Chester’s Georgian residents were eight times more likely to have syphilis than their rural neighbours, a study of sex and disease in the period has found.
About 8% of the city’s under-35s were infected, compared to 1% in the countryside, according to the study’s author Prof Simon Szreter.
It was no “hotbed of prostitution” though and equal numbers of men and women suffered from “the pox”, he said.
However, he added that city dwellers did have more “non-marital sex”.
Prof Szreter, of St John’s College, University of Cambridge, estimated the figures using Chester Infirmary’s admissions register from 1773 to 1775 and a 1774 census by local physician John Haygarth – which pre-dates the national census that began in 1801.
He identified possible syphilitic cases based on the length of stay among 177 cases of “venereal distemper”, and compared estimates concerning the urban population with those for rural residents living within a 10-mile radius.
He said the figures “suggest there’s less opportunity for non-marital sex in the countryside, or more opportunity in the city, but it would be speculative to go further than that”.
Syphilis in 18th Century
The treatment process for cases thought to be syphilis, known as “the pox”, took at least 35 days
It involved the continual application of mercury, which caused patients to produce pints of saliva, supposedly flushing out the venereal poisons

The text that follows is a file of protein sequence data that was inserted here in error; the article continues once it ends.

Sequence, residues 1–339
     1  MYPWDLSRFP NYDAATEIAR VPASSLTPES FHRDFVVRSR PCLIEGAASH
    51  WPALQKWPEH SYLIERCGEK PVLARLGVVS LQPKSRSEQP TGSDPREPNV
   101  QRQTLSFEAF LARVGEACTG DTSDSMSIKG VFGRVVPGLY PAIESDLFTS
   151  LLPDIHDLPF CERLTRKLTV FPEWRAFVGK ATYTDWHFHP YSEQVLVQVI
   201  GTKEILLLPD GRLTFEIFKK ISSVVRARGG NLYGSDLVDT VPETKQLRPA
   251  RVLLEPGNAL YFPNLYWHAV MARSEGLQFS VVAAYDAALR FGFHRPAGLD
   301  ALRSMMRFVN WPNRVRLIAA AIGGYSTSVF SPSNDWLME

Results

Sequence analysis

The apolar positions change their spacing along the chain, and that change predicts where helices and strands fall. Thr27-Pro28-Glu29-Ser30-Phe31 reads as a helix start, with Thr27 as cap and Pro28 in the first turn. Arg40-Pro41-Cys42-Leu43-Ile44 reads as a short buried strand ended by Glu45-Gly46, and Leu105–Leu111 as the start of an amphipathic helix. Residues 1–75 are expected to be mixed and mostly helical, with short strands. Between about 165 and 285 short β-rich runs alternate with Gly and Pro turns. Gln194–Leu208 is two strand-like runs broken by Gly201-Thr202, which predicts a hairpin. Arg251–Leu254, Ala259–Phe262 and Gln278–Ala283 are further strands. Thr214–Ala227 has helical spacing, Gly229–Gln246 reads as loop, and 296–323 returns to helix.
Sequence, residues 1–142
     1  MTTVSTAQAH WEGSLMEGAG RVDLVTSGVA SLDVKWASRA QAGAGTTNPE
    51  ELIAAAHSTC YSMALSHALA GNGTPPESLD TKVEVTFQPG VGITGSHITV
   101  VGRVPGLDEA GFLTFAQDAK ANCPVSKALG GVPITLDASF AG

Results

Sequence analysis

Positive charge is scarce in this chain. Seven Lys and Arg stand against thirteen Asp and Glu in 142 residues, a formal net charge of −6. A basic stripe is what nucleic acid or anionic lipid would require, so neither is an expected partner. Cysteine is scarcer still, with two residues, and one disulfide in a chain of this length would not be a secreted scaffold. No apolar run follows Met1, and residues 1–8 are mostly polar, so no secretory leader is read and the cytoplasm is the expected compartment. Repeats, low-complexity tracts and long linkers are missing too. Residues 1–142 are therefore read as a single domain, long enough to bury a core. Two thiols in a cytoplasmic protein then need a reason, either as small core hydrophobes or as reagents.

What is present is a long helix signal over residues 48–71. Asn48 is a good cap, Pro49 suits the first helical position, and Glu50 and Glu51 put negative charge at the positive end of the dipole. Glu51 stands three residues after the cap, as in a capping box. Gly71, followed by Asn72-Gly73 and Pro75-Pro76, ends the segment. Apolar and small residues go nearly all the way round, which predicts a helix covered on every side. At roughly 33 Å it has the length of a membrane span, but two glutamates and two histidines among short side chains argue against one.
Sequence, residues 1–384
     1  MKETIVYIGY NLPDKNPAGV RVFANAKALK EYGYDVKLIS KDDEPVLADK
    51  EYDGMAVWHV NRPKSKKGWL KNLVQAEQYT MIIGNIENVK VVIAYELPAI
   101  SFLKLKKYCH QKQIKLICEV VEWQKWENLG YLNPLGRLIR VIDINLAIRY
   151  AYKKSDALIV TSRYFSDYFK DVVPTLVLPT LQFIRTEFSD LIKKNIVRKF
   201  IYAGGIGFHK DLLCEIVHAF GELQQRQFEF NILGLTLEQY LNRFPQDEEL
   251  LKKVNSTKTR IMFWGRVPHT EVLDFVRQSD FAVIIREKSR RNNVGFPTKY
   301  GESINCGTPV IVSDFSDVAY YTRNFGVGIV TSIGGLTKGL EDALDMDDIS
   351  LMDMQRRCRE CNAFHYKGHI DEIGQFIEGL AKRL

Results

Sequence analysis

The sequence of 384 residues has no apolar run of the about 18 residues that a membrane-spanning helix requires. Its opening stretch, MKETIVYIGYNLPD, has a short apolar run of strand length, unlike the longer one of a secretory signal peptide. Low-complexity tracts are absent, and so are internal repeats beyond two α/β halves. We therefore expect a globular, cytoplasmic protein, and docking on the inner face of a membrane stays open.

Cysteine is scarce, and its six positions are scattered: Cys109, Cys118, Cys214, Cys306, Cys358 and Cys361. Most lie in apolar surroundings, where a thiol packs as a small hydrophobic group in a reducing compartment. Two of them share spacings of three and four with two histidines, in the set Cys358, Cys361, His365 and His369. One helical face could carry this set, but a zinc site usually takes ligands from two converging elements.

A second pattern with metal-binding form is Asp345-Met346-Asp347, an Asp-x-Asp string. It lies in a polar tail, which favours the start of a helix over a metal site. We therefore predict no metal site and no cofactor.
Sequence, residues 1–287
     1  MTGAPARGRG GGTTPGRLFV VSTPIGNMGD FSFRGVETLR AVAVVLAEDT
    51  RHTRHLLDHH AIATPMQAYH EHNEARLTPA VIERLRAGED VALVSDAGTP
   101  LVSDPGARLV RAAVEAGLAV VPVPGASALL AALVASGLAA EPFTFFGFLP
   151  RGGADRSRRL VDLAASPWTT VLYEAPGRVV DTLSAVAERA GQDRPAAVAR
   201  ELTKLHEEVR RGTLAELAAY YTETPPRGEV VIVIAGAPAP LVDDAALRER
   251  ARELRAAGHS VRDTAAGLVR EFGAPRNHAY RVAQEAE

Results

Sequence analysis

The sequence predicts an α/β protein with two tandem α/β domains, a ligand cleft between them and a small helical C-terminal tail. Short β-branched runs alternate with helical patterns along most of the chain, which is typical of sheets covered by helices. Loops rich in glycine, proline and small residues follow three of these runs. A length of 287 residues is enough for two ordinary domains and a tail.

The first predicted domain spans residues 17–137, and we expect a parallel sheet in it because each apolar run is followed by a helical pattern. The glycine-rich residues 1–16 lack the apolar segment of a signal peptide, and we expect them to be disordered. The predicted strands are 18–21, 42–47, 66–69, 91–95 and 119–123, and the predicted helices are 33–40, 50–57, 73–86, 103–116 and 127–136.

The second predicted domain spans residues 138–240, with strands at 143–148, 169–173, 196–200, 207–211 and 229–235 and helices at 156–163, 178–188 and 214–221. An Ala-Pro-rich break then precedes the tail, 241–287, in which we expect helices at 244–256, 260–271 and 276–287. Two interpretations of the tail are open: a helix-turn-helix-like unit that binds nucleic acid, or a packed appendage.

Side-effects included swollen gums, mouth ulcers and severe bad breath
Source: Continuity and Change journal
There was no evidence that people in rural communities were less likely to seek medical help, he added.
“If you’ve a society where everyone is monogamous and faithful, you have no STIs (sexually transmitted infections).”
Data about STIs prior to the 20th century is not widely available, and the rate has therefore been seen as incalculable.
“It is the first time that we have had any historical statistical evidence like this for sexual disease rates anywhere in Britain,” Prof Szreter said.
“The demographic story of this period is defined by mortality and fertility, and rates of venereal disease could, of course, affect both.
“But because we haven’t been able to study the impact of STIs, much of the history of British population change has been written as if there wasn’t any.”
The study, Treatment Rates for the Pox in early modern England, has been published in the journal Continuity and Change.